Political Correctness (PC) is hard to define. Especially with the rising resistance towards the PC, everyone seems to have a different definition. Trump won an election on a platform of being anti-PC. There are rising tensions against PC culture in Canada, Australia, Britain and other parts of Europe. But what does it mean to be politically correct?
Political correctness was coined in 1793 in the supreme court case of Chisholm vs Georgia, in which Chief Justice John Marshall first used the phrase to describe the address of a toast; “‘The United States,’ instead of the ‘People of the United States,’ is the toast given. This is not politically correct.” To be politically correct essentially referred to how one should address another within the realm of American politics, whether that be a sovereign state, the people of a sovereign state, or a state within the Union. At the time, as well as for years after, being politically correct was a good thing – both liberals and conservatives believed in political correctness, and saw it as a positive influence on political rhetoric.
Later on, in the 1960’s, the term shifted as the Republicans who supported the Vietnam War coined the left’s anti-war protests as politically incorrect, while the Democrats viewed the civil rights movement and policy as politically correct. The 60’s through the 90’s gave way to the hyper partisanship surrounding the term today.
Political correctness is now seen as a general restriction on what one can, and cannot, say. It attempts to restrict certain words and phrases that are offensive to various groups in society. We have made many racial slurs taboo in common speech. We have, as a society, decided that some words are too hurtful to be included in our collective vocabulary. Out of kindness and respect to those around us, we have made the active choice to use wording that does not offend, demean or degrade other people, whether they be racial or religious minorities, women, or people from the LGBTQ* community.
The argument against PC culture often defines it as an attack on free speech. In the basest sense of political correctness, it is. One is not free to use whatever vocabulary they wish, under politically correct speech. The USA, however, does not allow for hate speech (see Chaplinsky v. State of New Hampshire, or “fighting words” in the First Amendment). Hate speech and free speech are essentially on a gradient; you may speak freely, as long as your words do not attack another person. Political correctness does not intend to encroach on a person’s right to free speech, instead it seeks to protect the most vulnerable from hate speech.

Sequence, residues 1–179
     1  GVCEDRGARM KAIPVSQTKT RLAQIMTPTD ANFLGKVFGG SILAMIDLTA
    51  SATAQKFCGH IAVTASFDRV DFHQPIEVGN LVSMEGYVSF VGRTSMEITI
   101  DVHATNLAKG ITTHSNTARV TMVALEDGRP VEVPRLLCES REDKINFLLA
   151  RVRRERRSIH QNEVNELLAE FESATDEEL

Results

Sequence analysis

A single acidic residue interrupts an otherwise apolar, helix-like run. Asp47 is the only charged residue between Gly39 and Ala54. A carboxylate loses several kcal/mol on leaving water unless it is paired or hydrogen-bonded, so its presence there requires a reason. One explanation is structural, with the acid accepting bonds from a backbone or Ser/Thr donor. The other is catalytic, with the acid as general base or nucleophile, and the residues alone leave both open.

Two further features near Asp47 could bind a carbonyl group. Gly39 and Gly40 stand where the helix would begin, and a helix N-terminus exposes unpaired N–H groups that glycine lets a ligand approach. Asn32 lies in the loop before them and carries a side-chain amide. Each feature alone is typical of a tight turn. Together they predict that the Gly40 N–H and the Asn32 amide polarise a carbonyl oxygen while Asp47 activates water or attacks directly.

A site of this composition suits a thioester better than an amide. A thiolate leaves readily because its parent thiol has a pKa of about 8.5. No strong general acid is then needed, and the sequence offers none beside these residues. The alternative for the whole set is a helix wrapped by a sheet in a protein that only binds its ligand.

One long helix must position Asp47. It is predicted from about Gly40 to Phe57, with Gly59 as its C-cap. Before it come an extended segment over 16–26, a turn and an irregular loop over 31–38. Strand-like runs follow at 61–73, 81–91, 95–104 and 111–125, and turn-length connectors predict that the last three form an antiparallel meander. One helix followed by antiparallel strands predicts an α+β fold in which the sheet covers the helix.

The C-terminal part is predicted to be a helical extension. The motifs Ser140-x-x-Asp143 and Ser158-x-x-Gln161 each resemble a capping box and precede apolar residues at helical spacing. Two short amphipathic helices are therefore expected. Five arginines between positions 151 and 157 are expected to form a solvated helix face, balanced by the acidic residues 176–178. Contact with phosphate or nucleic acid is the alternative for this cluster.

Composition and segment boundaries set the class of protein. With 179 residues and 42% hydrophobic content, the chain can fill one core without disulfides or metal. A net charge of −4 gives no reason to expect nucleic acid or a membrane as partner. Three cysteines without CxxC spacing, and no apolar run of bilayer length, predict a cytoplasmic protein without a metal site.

Critics will claim that politically correct speech seeks to limit who one can criticize, and how, thereby policing communal vernacular. They will also try and pin blame on those who are the most affected by hate speech; “if you weren’t so sensitive, this wouldn’t be a problem,” they say. What they’re missing, however, is empathy. It’s easy to tell someone to toughen up, when you’re on the side that’s delivering the punches. If someone is hurt by a phrase, or a certain word, it is not for another person to decide how hurt they are, or if they are too sensitive.
Critics will also try to prove that PC speech stops them from expressing their opinions. Contrary to their belief, this is not true. PC culture tries to stop individuals from spewing xenophobic rhetoric, not from expressing opinions. Any opinion can still be expressed, the person expressing it just has to be more aware of the language they are using, as well as justifying their opinions in a sound cultural basis. Long story short, PC culture encourages people to check their own privilege before they open their mouths.
Putting individual experiences in context can be sobering and uncomfortable for those who have grown up with privilege, but it’s something that needs to be done. PC language and culture is not about limiting people – it’s about making society accessible and welcoming for all.
Words have power, and they have a lot of it. How we choose to speak to one another has enormous social weight. By using terms that others find offensive, we are not only telling those affected that we do not care about their wishes, we are also blatantly disrespecting their humanity. If a group of people finds something offensive, we owe it to them to be respectful of that. PC speech is not about limiting the individual, it’s about protecting all of us for a harmonious and inclusive society.
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